May 30, 2023

This story was originally published by St. Stephens Indian Mission Foundation in VOL. XIX JUL/AUG/SEPT 1989 NO. 3. St. Stephens Indian Mission Foundation owns the copyright, and the story is reprinted here with permission from the Foundation. More information on the Foundation can be found following the story or by clicking on the link above.

A display of art made by Tom Lucas

To the average person, an old Indian made arrowhead or projectile is seen as just an artifact. Although making such items from stone was routine for early Native Americans, they are usually very well designed pieces of art. These ancient craftsmen are truly deserving of praise when one considers that centuries later their work is valued as artistry.

Early Indian cultures did not make points and blades as a way of passing time. There was a specific function in mind as the stone was chipped away by the craftsman. Chipped points helped secure game and various types of blades were used for butchering and processing animals. These early artisans were concerned with not only obtaining food, but also procuring skins and furs for clothing, as well as bone and antler for tools.

Early Native Americans utilized whatever stone was available and workable in their immediate vicinity. Trading was done between tribes for stone that was not found in their locale. Therefore, it was not unusual to find a pile of chips that contain a number of different colors and types of stone which are not natural to that spot.


No two stones chip the same way, even if they are the same type stone. Factors of size, material and chipping technique determine the shape of the point. Points are for piercing and were sharpened to different degrees. Blades were designed for cutting and scraping. Beveling gave a stronger edge to a blade and is a result of chipping from one side only. An edge that has been serrated was ideal for skinning hides and furs. Points and blades could be cleaned and rechipped after repeated use to be in good condition for the next time they were needed. If a point broke the craftsman could fashion a new one from stone chips he had saved previously and were a part of his possessions. Early Indians realized the stress limit of their points and blades and tried not to abuse the principal characteristics.

A large range of styles, shapes and sizes of tools, weaponry and ceremonial objects were chipped by these early craftsmen. Apparently, this art of chipping was widespread in view of the fact that various items with a common appearance have been found at different geographic regions. Archeologists explain these similarities by the parallel development concept: “Primitive man by his own ingenuity and innovation will independently develop the same work skills and tools in much the same way and sequence regardless of his location.”

Not every stone can be easily worked. Most stone must be tempered before it is chipped. Early Native Americans may have done their tempering by digging a pit, placing stone into it and then covering the stone with a small amount of earth. On top of this dirt mound they built a small fire. The skill in this preparatory stage was in knowing how hot to make the fire and how long it needed to be maintained.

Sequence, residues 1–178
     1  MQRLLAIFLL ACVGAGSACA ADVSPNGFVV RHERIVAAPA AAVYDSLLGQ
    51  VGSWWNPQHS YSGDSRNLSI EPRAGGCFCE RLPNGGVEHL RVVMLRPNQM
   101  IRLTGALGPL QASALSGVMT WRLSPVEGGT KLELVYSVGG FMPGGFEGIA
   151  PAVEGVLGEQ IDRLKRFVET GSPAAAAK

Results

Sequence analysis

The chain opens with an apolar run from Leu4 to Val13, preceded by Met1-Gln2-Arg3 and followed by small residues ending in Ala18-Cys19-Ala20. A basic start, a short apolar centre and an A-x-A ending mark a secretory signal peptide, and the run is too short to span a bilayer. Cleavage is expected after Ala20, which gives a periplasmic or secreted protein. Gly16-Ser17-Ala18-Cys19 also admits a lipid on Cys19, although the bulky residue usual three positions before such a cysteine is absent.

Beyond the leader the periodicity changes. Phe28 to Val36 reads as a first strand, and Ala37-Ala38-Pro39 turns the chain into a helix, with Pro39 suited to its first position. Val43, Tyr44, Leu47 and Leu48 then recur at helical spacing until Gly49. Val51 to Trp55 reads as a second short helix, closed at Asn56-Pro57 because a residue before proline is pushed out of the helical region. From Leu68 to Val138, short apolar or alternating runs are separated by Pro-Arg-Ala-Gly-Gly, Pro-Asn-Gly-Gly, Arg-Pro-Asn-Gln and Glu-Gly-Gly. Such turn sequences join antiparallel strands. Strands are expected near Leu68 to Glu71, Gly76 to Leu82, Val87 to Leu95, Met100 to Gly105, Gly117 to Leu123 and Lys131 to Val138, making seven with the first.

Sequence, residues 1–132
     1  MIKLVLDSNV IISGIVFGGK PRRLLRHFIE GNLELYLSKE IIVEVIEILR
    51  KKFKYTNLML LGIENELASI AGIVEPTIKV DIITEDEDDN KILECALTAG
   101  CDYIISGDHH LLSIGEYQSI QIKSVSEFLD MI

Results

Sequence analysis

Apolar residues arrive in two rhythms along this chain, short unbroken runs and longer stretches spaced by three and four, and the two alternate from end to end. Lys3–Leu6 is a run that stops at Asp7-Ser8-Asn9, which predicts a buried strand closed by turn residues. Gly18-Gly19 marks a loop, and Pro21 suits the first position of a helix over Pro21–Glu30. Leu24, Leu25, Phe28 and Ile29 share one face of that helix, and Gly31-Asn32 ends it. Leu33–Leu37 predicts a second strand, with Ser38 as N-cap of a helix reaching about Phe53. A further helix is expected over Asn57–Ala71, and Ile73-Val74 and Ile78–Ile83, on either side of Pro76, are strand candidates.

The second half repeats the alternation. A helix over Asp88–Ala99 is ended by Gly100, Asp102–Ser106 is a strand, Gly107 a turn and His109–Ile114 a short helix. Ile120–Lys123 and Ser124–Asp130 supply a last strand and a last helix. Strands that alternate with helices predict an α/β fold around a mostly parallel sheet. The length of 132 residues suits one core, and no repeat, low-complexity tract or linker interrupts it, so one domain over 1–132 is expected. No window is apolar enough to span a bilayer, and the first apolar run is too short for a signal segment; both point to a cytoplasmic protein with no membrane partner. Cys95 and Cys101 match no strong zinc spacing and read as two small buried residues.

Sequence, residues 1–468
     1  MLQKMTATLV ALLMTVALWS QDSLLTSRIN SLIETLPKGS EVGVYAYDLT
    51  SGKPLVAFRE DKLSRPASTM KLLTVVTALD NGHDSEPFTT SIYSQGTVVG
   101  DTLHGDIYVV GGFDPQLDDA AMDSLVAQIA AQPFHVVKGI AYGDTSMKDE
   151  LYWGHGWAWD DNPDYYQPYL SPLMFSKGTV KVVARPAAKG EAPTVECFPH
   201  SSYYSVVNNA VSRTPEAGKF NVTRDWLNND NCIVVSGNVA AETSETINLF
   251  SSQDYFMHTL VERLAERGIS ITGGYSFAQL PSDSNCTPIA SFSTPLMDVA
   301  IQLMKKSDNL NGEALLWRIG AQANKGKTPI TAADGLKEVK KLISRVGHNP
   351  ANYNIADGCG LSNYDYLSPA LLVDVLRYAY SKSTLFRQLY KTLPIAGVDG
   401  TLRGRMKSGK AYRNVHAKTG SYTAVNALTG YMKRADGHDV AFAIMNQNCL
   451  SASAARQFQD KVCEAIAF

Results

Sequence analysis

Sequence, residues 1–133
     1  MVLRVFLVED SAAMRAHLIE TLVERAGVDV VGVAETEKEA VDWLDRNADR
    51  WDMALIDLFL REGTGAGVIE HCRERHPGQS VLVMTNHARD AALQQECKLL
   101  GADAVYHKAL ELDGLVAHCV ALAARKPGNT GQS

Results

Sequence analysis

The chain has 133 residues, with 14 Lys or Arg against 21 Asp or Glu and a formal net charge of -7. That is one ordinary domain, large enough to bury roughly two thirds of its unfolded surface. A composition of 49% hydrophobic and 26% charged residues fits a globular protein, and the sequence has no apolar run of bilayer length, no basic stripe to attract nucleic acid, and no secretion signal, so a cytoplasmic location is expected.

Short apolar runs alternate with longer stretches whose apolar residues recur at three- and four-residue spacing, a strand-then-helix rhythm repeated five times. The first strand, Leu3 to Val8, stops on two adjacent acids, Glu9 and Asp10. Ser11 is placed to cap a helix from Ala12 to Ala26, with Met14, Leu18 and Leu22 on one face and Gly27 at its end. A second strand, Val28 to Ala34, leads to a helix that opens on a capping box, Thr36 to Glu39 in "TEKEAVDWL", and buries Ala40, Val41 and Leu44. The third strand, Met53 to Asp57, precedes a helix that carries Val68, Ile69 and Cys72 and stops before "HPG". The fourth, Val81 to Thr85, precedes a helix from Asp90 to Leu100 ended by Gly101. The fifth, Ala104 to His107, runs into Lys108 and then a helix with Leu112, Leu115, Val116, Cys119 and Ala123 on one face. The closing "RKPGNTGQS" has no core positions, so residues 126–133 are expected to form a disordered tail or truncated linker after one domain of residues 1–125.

Tempered (shiny) and untempered (dull) agate

Obsidian is tempered naturally in its formation and can be worked without further preparation. This stone was highly favored and it is believed that Indians in the Wind River area traded obsidian among themselves and with neighboring tribes who had also ventured into what is now Yellowstone Park. A mountain of obsidian within the Yellowstone country was quarried during the Stone Age and continued to be excavated for centuries.

Many unusual and fascinating cutting instruments and personal tools were made by these craftsmen for certain tasks. It seems likely that these energetic people were involved with interdependence within their industrious way of life. For example, one member who had a special talent for chipping arrowheads may have traded with someone whose ability was in making exceptional arrows. But there is little doubt that each hunter did possess basic knowledge which enabled him to build his own equipment if the need arose.

The lifestyle and appearance of western artist, Tom Lucas has not been affected by today’s fast paced world. The log home of Tom and his wife, Betty is located between Fort Washakie and the base of the Wind River Mountains. Their home is a combination of residence, museum and art gallery.


Tom has been painting the people, scenery and wildlife of the Wind River Reservation for the past twenty years. Visitors, interested in viewing his paintings at the gallery, soon realize that Tom has developed additional skills to perfection. Articles made of rawhide, leather, antlers, horns and stone are displayed in a showcase along with beautiful beadwork made by Betty.